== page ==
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Re: Shuvosaurus, 3rd impressions

David Peters (davidrpeters@earthlink.net) wrote:

<A quick look at Carroll 1988 showed me a dorsal view of the skull of
Dromiceomimus, an ostrich mimic dino. Here the lacrimal l sneaks in, like a
finger from the posterior!>

  Unfortunately for Carroll (1988), it only illustrates one dinosaurian skull
in dorsal view, and that is that of *"Ornithomimus" edmontonicus* which Dave
mentioned. However, skulls of earlier dinosaurs are known, such as
*Herrerasaurus*, *Coelophysis*, *Thecodontosaurus*, and *Eoraptor*, which shows
the presence of an (at times) small lachrymal component in dorsal view. This
exposure is expanded in theropods to supplant at times the dorsal aspect of the
prefrontal, which in some cases can be rendered to a splint removes from the
lateral margin of the orbit, or simply ... obliterated due to fusion with
lachrymal, making any division or comparison between the two of them
impossible. In many ornithischians, the prefrontal is the same as supraorbital
1, and often reverses the condition in dinosaurs and the lachrymal is exposed
only laterally due to expansion of the prefrontal. *Lesothosaurus*, for example
(Knoll, 2002, JVP 22(2):238-242), lacks a dorsally exposed lachrymal but this
region also shows erosion and the area even in Sereno's reconstruction in 1991
is not unambiguous; it is impossible to tell in thyreophores for the most part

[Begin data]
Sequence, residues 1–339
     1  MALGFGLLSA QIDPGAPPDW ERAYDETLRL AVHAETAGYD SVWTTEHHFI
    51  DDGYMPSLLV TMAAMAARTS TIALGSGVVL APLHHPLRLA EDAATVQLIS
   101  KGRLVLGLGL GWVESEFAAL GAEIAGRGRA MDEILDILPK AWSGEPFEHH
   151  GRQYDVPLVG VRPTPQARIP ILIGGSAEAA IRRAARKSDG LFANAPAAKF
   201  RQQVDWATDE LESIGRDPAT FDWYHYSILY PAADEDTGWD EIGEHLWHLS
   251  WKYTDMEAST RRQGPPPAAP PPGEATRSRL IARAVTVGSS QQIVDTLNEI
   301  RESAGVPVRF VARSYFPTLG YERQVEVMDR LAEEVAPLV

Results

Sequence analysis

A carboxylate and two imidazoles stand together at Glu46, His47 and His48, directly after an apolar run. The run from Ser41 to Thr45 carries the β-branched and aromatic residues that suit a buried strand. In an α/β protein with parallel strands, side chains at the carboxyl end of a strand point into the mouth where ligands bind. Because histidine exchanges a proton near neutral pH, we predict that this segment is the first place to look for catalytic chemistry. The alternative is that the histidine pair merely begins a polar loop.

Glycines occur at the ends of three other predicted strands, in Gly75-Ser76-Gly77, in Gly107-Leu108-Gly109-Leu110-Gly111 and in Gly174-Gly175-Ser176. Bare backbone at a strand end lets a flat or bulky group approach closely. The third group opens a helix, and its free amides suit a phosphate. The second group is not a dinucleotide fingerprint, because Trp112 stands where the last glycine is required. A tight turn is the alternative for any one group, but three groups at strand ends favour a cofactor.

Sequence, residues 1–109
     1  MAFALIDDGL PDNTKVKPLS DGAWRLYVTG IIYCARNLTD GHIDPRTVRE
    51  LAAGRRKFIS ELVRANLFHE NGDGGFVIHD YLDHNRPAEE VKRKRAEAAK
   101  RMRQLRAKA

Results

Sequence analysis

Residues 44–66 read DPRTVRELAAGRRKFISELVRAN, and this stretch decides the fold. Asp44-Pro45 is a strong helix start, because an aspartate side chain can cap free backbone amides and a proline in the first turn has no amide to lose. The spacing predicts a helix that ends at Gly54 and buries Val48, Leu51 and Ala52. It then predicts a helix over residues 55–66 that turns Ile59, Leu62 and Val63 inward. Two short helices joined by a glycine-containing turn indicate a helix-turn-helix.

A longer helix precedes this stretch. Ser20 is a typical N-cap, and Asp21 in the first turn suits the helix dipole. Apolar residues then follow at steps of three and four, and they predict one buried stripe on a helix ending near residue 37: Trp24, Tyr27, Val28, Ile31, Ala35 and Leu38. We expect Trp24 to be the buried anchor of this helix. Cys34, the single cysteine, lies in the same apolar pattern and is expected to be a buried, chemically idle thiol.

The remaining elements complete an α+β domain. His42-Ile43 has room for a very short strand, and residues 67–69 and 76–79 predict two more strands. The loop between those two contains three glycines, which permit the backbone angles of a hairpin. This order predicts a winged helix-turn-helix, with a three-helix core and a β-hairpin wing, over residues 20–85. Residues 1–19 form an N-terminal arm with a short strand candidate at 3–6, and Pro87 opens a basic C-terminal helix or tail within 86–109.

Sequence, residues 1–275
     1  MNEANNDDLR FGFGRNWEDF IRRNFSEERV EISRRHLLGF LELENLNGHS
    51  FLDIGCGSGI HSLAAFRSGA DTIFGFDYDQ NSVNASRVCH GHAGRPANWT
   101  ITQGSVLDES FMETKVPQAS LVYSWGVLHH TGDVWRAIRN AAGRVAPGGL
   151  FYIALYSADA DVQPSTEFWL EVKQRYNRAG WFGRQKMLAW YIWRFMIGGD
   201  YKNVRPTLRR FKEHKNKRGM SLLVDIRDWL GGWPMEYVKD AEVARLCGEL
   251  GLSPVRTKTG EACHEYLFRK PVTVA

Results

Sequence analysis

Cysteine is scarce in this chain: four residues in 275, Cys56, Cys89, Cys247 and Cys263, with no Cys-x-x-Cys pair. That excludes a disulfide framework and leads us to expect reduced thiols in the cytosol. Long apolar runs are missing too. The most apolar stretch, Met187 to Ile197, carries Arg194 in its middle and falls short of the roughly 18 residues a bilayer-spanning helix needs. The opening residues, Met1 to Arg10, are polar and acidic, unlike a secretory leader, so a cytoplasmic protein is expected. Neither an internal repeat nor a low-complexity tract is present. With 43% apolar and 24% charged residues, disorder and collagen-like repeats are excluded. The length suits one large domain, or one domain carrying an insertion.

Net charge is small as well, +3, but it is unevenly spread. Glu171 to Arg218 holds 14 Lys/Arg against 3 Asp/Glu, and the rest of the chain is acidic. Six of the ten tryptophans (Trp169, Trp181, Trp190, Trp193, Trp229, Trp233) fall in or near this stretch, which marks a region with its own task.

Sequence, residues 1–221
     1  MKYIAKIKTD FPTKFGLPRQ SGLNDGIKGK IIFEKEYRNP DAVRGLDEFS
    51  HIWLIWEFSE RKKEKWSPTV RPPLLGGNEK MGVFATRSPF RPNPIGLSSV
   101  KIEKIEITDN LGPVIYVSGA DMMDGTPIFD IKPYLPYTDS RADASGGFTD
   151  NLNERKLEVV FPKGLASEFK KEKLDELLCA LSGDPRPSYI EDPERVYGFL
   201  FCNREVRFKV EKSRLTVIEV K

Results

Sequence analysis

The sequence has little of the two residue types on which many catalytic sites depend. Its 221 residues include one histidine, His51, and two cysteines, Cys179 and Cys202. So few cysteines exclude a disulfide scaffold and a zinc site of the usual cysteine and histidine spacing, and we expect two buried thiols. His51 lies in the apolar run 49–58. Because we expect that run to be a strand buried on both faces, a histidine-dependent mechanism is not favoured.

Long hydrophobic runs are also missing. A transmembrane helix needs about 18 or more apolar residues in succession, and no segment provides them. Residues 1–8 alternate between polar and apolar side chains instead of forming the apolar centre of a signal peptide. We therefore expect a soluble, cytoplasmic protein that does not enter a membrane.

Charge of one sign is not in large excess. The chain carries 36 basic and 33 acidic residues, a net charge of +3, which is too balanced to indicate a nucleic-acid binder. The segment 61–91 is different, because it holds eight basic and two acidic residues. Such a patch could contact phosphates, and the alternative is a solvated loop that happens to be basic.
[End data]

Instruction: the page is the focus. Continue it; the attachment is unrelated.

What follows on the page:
to to cranial modification, and the same is true in pachycephalosaurus. And
while the lachyrmal is visible in dorsal view in many ornithischians, it is not
dorsally exposed on the skull roof, but this is referencing the figures in
Weishampel, Dodson and Osmólska (1990).

  The skull of *Herrerasaurus*, as an example of basal saurischian morphology,
shows a small portion of the lachrymal exposed dorsally rostral to the
prefrontal (Sereno & Novas, 1993, JVP 13(3):451-476), and they possess a
slightly interlocking articulation (scarf join). This alone should help define
theropods/saurischians in their natural condition. *Plateosaurus* and
*Thecodontosaurus* both preserve a rostral splint of a lachyrmal dorsally
exposed (Galton, 1990, in Weishampel et al.(eds.), 320-344; Yates, 2003, JSP

  I hope this helps,

Jaime A. Headden

"Innocent, unbiased observation is a myth." --- P.B. Medawar (1969)

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